Non-Compete Agreements and Other Restrictive Covenants

By: Mark A. Levy

Mark A. LevyThe use by employers of restrictive covenants such as non-compete agreements and non-solicitation agreements has been steadily growing in popularity. Unfortunately, in many cases it seems that the drafters of these provisions attempt to make the restrictive covenant as lengthy and as broad as possible. However, just because an activity may be covered by such an agreement, there is no guarantee that the provision will be enforced.

In a recent case, Florida’s Fifth District Court of Appeal ruled that the plaintiff had failed to prove that enforcement of the restrictive covenant was necessary to protect the plaintiff’s legitimate business interests. Evans v. Generic Sol. Eng’g, LLC, No. 5D15-578, 2015 WL 6554429, at *1-2 (Fla. 5th DCA 2015). At issue in Evans was the right to do business with Robbins Research International (“Robbins”), a company controlled by famed motivational speaker Tony Robbins. In Evans, the employment agreement expressly prohibited the former employee (Andrew Chinn, an independent contractor) from working directly or indirectly with current or former customers of the company, Tech Guys Who Get Marketing (“Tech Guys”). The Evans court, however, took issue with the idea that preventing Chinn from doing work for a former customer of Tech Guys furthered a legitimate business interest.

The Florida statute governing restrictive covenants, Section 542.335, permits enforcement of contracts that restrict or prohibit competition, but only so long as the contract is reasonable in time, area, and line of business. The restrictive covenant must be set forth in writing, and signed by the person against whom enforcement is sought. Also, the party seeking enforcement of the non-compete agreement must demonstrate that the restrictions are reasonably necessary to protect its legitimate business interests. Legitimate business interests include substantial relationships with specific prospective or existing customers or clients. Clearly, the right to prohibit the direct solicitation of existing customers protects a legitimate business interest. However, the protection of former customers generally does not qualify as a legitimate business interest where there is no identifiable agreement that the customer would return with future work. Additionally, the Evans court stated that protection of an employer from ordinary competition is not a legitimate business interest, and a covenant designed solely for that purpose will not be enforced. The Evans court recognized that just because a party violated a broadly worded restrictive covenant does not mean the court should grant relief, because under Florida law and public policy, the enforcing party must prove that enforcement is necessary to protect its legitimate business interests. Because Tech Guys never had an exclusive contract with Robbins, had no reasonable expectation that it would continue to provide services to Robbins, and could have continued working with Robbins had it chosen to do so, the Court refused to enforce the restrictive covenant.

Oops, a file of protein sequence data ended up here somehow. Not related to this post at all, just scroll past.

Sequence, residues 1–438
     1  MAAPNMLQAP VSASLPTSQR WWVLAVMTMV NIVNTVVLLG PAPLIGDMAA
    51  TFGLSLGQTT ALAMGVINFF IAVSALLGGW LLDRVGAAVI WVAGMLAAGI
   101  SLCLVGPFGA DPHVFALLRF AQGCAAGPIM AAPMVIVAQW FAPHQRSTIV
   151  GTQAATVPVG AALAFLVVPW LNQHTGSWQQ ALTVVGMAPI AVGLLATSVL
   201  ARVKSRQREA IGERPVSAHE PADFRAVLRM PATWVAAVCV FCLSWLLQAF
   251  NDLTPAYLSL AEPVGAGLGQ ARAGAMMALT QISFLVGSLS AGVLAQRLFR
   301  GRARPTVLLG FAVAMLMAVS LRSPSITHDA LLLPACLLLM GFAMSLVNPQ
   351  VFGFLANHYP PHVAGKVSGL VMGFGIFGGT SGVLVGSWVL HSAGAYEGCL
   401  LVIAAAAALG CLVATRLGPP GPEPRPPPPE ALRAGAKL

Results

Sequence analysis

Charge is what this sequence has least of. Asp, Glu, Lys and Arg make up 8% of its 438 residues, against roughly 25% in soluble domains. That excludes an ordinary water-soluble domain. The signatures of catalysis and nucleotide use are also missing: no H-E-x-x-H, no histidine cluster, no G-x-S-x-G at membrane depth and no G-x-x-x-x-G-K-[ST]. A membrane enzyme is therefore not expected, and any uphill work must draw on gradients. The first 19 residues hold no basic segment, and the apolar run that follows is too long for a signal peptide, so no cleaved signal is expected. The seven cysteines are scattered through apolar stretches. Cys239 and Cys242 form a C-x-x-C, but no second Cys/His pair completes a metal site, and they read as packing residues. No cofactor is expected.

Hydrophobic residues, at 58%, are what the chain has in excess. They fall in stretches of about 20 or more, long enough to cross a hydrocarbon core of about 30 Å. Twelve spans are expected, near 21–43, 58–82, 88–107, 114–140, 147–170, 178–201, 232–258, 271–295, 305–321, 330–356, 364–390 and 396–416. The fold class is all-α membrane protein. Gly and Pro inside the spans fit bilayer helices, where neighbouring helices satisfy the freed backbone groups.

The lesson to be learned is that simply drafting a broad restrictive covenant may not achieve an employer’s goals. Restrictive covenants should be carefully drafted to ensure that they are limited to protecting legitimate business interests. And, a party defending the enforcement of such a provision should make sure that the covenant goes no further than is permitted under Florida law.

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By |2017-03-13T13:31:04+00:00December 1st, 2015|Blog, Business Litigation|